Romeo and Juliet Topic Tracking: Love
Love 1: This is the first notion of love that is mentioned throughout the play. Romeo's love for Rosaline is quick, impulsive, and unfortunately, unrequited. She does not return the love he has for her, and is therefore forced to grieve over her. More importantly though, Romeo is not really in love with Rosaline. He is in love with the idea of being in love. This love is in sharp contrast to the love that Romeo will later feel for Juliet - true love.
Love 2: Mercutio makes fun of Romeo's sorrow over his love for Rosaline. He finds it humorous that Romeo is so sick in love with her. His love for her, says Mercutio, is based on a weak foundation, much like how dreams do not hold strong ground.
Love 3: Romeo sees Juliet at the Capulet feast and falls instantly in love with her. Rosaline is simply a long-lost memory at this point. Even Romeo admits that he never really saw what true beauty or love was until this night, that he beholds Juliet. It is at this point that Romeo himself realizes the difference in the love he thought he felt for Rosaline and the love he now feels for Juliet.
Love 4: Juliet, from her balcony, proclaims her love for Romeo, who is below in the Capulet orchard. She is so in love with Romeo that she tells him she is willing to denounce her name, and no longer be a Capulet. This notion of what Juliet is willing to do for love is brought to a head at the end of the play, when she performs the most dramatic act of love throughout the play by killing herself.
Love 5: Friar Laurence is shocked when Romeo comes to tell him of his new love for Juliet. He finds it funny that Romeo can love so impulsively, and forget about Rosaline so quickly, when all he used to do was speak of Rosaline. He says that men love with their eyes, and not what they should love with, their hearts. This deals directly with two different kinds of love being presented: obsessive, passionate love (the kind Romeo feels for Rosaline), and true love (what Romeo and Juliet feel for each other).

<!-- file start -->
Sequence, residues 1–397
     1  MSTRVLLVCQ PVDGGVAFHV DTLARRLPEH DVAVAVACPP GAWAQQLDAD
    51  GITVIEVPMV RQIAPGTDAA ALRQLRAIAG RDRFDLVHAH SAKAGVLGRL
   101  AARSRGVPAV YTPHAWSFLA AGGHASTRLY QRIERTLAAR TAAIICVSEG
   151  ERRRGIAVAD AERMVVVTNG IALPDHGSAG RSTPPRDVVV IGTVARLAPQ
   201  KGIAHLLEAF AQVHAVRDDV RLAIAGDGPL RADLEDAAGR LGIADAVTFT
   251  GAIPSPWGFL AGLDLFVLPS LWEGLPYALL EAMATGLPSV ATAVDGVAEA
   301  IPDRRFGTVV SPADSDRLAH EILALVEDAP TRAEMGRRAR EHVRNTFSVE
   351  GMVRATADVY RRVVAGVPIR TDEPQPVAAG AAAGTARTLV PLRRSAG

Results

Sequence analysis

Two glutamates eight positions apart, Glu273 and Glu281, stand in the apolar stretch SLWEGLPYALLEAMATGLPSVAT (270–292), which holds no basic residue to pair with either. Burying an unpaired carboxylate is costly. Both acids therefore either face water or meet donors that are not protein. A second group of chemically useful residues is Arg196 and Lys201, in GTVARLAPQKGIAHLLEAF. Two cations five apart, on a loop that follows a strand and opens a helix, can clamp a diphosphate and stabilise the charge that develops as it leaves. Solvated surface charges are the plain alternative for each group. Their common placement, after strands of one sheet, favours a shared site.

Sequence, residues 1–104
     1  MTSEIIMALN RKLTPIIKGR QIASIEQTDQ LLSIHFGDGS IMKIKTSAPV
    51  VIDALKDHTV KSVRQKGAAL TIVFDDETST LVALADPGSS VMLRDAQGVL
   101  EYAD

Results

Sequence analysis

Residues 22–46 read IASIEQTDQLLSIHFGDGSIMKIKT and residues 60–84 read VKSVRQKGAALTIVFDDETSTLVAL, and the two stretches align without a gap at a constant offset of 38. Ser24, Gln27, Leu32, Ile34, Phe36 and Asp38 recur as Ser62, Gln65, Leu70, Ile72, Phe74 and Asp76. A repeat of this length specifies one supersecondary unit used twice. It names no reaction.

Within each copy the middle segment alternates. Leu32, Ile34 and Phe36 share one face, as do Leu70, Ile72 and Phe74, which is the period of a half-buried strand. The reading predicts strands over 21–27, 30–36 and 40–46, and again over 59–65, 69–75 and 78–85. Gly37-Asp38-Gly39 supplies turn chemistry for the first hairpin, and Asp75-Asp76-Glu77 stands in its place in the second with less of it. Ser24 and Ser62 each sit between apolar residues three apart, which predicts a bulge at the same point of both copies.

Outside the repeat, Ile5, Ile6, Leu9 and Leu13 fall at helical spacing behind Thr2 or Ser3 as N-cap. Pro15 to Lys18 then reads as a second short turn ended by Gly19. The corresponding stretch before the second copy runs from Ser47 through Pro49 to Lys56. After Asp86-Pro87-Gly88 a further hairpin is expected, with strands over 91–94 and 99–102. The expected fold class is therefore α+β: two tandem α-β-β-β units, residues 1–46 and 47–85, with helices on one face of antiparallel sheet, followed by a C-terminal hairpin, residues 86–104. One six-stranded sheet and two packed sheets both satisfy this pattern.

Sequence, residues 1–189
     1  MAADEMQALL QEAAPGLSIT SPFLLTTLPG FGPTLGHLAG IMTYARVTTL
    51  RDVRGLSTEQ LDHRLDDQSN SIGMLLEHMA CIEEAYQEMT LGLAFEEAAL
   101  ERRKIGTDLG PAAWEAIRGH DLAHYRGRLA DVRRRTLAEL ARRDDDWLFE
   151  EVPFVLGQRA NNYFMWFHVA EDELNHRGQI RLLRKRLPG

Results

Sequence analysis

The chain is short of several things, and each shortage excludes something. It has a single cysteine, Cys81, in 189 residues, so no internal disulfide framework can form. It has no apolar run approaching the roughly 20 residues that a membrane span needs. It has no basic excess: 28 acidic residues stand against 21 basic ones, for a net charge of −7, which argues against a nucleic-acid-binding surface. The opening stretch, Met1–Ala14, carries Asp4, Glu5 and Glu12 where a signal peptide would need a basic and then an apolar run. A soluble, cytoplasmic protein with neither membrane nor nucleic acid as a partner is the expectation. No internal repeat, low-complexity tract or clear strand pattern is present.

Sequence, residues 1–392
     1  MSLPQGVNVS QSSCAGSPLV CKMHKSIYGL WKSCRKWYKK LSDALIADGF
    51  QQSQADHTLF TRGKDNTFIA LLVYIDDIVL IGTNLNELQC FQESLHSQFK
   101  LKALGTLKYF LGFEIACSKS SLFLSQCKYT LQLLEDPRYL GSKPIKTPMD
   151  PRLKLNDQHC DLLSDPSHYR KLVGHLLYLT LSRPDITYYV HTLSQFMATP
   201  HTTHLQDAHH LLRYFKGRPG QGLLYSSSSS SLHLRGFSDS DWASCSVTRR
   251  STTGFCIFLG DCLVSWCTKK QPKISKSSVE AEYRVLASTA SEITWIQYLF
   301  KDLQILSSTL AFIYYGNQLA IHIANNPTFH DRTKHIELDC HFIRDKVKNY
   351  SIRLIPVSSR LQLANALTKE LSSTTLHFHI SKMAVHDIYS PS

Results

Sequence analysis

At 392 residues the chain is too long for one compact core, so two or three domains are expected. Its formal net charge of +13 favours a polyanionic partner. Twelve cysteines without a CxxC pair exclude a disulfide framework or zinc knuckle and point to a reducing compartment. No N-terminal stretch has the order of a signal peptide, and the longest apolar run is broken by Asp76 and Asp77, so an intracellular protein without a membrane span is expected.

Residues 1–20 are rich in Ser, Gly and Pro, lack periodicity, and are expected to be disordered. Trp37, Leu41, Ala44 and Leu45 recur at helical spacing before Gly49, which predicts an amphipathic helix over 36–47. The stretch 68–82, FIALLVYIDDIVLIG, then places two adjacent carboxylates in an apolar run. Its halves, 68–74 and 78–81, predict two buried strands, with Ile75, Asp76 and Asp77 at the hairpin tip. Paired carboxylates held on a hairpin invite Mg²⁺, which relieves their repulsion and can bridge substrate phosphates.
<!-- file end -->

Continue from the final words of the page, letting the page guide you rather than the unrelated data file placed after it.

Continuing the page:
Love 6: While Juliet is waiting for Romeo to arrive at her bed chamber, she speaks about her love for him. She says that he will be the stars in the night sky, and that all of the world will be in love with night, if this is so. She also is impatiently waiting to consummate her new marriage with Romeo.
Love 7: Juliet meets with the friar to discuss the issue of having to marry Paris. Her love for Romeo is so strong that she would rather kill herself than have to marry Paris, and thus, betray Romeo and their marriage together. This notion of what Juliet is willing to do for love comes up again here, as it did before, when she said she would denounce her name as a Capulet. The threat that she will kill herself if she has to marry Paris is foreshadowing the actual death to come at the end of the play.
Love 8: The friar gives Juliet a sleeping potion that will make it look as if she is dead. She knows that this will be a difficult plan to carry out, but she looks to her love for Romeo to give her the strength to make it through.
Love 9: Romeo learns that Juliet is dead, and leaves for Verona immediately. He buys poison along the way, intending to kill himself when he gets to Juliet in the Capulet tomb. He would rather kill himself than have to live without Juliet, his wife. This notion of love and death also appears over and over again. Just like Romeo would rather kill himself than have to live without the love of Juliet, she too says the exact same thing earlier in the play.
Love 10: Romeo gets to the tomb and sees Juliet. He gives a brief speech about his love for her. He promises that he will remain beside her forever, even if it is in death. He drinks the poison, and dies. This is the ultimate act of love - killing oneself for love. Love and death are inseparable here. Throughout the play, there is a lot of talk about love and death, but it is here at the climax and end of the play that they finally come together.